Cambridge Day reports, is not amused.
Cambridge Planners who favor high density results in high property costs and ever higher rents that most businesses can't afford. Hence, we end up with ever increasing numbers of big retailers, banks, Starbucks, cell phone stores, and expensive condos. Hooray for "smart growth". We'll probably also see Indian restaurants driven out as they were in Central Square.
Mark, are you advocating the solution is to keep things low density? Which low density tends to signify a lifestyle system where the only way to get around between any location is by car?
Not to mention that it is arguable that you are citing the wrong cause here. High density by nature means it is high supply by more efficient use of space whereas low density is low supply for the same around of ground. My understanding that this means high density design issue is not density in and of itself (unless you are arguing making building multi-story buildings raises construction and maintenance that much, but the fact lots of businesses want have a spot (aka high demand).
The solution is then having more high-density to increase supply to meet demand (or something that lower demand in a high density area).
Your argument implies low density design. Which means your solution is you keep rent low by having the low density make it not desirable (so even lower demand against a low supply). That is self-defeating. You solve the problem of high rent by making it undesirable.
Show me where expensive, high rise buildings have made commercial space cheaper? Do owners offer dirt cheap leases despite having huge debt and taxes to pay? Did Boston or Cambridge become more affordable when vacancy rates increased?
Taxpayers picked up the tab for extending the red line to Porter and Davis Squares, making the real estate much more desirable and valuable. Where is the payoff for our investment? Will we get a profit back from real estate boosts from the Green Line Extension?
I think you have the causality backward here. Places that have high density are that way because they are are expensive. Keeping expensive places at lower density will drive costs higher. See what's happening in Silicon Valley. Low density zoning there abounds, but because there is such high demand for housing, prices are absurd.
Boston/Cambridge is expensive because it's desirable. Preventing denser building will not bring down housing costs.
I don't think a skyscraper built in rural Indiana, for example, would command premium rents.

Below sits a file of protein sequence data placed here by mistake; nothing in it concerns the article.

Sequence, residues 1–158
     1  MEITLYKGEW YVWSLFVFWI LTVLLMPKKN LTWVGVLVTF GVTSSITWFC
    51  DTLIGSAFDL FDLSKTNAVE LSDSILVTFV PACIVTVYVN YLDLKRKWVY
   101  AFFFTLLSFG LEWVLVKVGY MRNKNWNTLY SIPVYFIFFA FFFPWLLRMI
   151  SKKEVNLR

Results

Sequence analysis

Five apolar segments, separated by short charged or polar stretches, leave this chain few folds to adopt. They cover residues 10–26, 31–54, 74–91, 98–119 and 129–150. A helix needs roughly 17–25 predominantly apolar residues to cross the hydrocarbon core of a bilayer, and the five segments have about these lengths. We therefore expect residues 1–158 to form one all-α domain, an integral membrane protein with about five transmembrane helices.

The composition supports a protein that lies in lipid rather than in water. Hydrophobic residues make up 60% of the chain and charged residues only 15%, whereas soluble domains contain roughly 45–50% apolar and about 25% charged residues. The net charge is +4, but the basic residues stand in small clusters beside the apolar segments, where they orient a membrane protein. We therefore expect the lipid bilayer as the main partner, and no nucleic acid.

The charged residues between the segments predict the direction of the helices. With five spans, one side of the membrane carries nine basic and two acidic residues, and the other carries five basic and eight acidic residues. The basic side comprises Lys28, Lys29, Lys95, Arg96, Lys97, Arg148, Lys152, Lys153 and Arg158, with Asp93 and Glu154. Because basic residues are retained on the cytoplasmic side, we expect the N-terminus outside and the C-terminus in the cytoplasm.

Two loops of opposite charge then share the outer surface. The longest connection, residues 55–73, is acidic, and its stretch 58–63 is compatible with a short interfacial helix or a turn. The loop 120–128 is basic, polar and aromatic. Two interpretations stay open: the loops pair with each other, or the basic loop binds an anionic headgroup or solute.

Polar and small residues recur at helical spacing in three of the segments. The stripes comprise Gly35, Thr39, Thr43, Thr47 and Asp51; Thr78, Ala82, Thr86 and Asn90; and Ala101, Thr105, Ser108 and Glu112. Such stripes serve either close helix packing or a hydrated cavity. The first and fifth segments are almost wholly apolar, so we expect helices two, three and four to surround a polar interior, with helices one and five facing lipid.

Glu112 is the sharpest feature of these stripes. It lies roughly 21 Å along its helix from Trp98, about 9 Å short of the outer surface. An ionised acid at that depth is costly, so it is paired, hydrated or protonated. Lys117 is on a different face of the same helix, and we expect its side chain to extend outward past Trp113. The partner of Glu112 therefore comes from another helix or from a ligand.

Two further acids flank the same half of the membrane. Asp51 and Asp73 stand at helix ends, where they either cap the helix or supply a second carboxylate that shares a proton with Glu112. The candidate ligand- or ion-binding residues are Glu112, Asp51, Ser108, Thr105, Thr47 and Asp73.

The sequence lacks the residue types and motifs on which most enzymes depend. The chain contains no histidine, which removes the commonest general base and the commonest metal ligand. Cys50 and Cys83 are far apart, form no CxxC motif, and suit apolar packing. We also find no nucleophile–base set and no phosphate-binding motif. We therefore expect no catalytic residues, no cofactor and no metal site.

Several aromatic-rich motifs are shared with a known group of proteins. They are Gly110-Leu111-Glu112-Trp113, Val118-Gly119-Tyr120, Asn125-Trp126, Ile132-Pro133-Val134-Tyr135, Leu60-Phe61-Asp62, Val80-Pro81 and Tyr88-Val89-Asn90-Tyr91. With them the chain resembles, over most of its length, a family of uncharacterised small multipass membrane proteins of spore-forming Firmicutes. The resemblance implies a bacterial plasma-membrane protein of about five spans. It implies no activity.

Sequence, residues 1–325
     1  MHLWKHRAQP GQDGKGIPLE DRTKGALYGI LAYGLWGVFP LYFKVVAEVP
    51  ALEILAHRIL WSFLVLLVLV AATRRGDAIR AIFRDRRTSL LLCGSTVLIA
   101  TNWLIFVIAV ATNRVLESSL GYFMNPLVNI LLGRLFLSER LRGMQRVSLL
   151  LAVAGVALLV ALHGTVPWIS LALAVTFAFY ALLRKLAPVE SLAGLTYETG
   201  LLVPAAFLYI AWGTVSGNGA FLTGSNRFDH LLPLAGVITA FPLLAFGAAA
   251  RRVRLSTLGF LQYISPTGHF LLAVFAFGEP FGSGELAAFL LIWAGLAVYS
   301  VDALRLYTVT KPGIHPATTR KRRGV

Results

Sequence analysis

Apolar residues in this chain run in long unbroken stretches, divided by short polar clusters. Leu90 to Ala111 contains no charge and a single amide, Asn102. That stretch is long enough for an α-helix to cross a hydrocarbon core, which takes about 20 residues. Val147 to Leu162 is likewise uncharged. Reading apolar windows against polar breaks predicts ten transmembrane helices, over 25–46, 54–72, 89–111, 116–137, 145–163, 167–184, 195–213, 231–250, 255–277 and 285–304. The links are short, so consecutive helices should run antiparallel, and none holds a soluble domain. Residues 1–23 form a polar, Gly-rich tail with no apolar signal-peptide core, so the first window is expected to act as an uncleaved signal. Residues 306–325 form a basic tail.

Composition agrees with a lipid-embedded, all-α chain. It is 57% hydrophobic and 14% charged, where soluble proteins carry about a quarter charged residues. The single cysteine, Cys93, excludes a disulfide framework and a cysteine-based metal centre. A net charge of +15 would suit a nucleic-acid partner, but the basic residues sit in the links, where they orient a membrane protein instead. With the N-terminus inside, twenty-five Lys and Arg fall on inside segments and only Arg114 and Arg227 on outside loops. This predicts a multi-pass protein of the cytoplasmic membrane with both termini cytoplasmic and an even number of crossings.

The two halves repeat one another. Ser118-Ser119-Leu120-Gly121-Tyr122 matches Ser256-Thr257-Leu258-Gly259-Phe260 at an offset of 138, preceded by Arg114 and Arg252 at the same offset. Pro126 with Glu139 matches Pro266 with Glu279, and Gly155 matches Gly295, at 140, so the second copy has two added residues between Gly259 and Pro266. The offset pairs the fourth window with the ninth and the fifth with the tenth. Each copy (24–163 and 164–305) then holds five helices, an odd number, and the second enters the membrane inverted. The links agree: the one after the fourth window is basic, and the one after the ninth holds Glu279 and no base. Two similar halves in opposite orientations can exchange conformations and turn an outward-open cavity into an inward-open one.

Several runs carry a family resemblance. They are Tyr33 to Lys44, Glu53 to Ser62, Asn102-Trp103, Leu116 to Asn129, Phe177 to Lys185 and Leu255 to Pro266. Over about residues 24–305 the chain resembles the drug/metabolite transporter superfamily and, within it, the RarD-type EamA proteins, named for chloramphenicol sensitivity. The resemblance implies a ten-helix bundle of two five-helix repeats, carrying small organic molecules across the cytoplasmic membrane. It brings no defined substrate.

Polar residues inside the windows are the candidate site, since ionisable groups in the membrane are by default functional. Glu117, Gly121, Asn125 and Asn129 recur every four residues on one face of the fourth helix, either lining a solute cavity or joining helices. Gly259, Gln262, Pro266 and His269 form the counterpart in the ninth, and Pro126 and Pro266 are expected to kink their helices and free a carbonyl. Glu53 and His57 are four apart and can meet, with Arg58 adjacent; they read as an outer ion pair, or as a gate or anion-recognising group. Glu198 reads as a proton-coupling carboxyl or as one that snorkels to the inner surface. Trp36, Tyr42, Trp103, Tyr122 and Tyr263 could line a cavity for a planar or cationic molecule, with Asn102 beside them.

It is possible to have high density and affordable pricing. Look at prices in Chicago. Chicago allows much taller buildings than Boston, but the prices are a lot lower.
It is a problem when fancy buildings replace old buildings which held low-rent storefronts. But that has nothing to do with Walgreens replacing Pier One in an existing building.
Mark, I cosign with JCK as my response and example. But I want to add my own little piece too. By asking this question: What good is low density to keep store rent cheap through undesirability? Again, I have to mention your point is self-defeating. It is paradoxial, yes. But the Japanese shops and all the restaurants would not be there if it were low density.
Also the profit of Porter and Davis Squares is the liveliness and energy of the area (also the property, meal, and sale taxes). Don't you enjoy going there with all the good food and people? (If you respond, I do expect you want to make an argument of public vs private to generate these centers. Let me say now I do sympathize the idea of letting private forces be the creators, but I also want to mention I care about results and this is pretty nice. Also that people tend to criticize public money going to public transit but not to roads. A public vs private argument need to not get that confused too.)
Land Value Tax. Or Georgism if you will.
so, yeah, now I can get "sushi" at Walgreens instead. Great. Whatever. Nothing matters to me anymore. I have to check my pulse to make sure I'm still alive.
Miso Market, a block north of Porter Square in the old Bob Slate building. Its future is unclear, as it is the only remaning open store in its building. (McIntyre & Moore closed, Bob Slate closed, and Stellabella Toys moved to Elm Street on the edge of Davis Square.)
I used to live in Porter Square not to long ago (2006ish) (within 2 minutes of the shopping center).
As much as I hate the chain-nification of America, this might be a good thing for Porter Square. The Super Walgreens will have an expanded food section. And between the overpriced Shaw's and what little offerings that crowded CVS offers, Walgreens might be welcome as it might give the two existing stores a reason to lower their prices.
IMHO that whole strip mall is just gouge-city because of its location.
Dunno, seems unlikely to me. Seeing as all three (walgreens, cvs, shaws) are chains I'd expect the prices to be set by some central management and that prices would remain the same until the store became unprofitable and then it would just close.
I don't think I've been in a Super Walgreens, but the regular Walgreens near me started replacing some of the food selection with Walgreens branded food.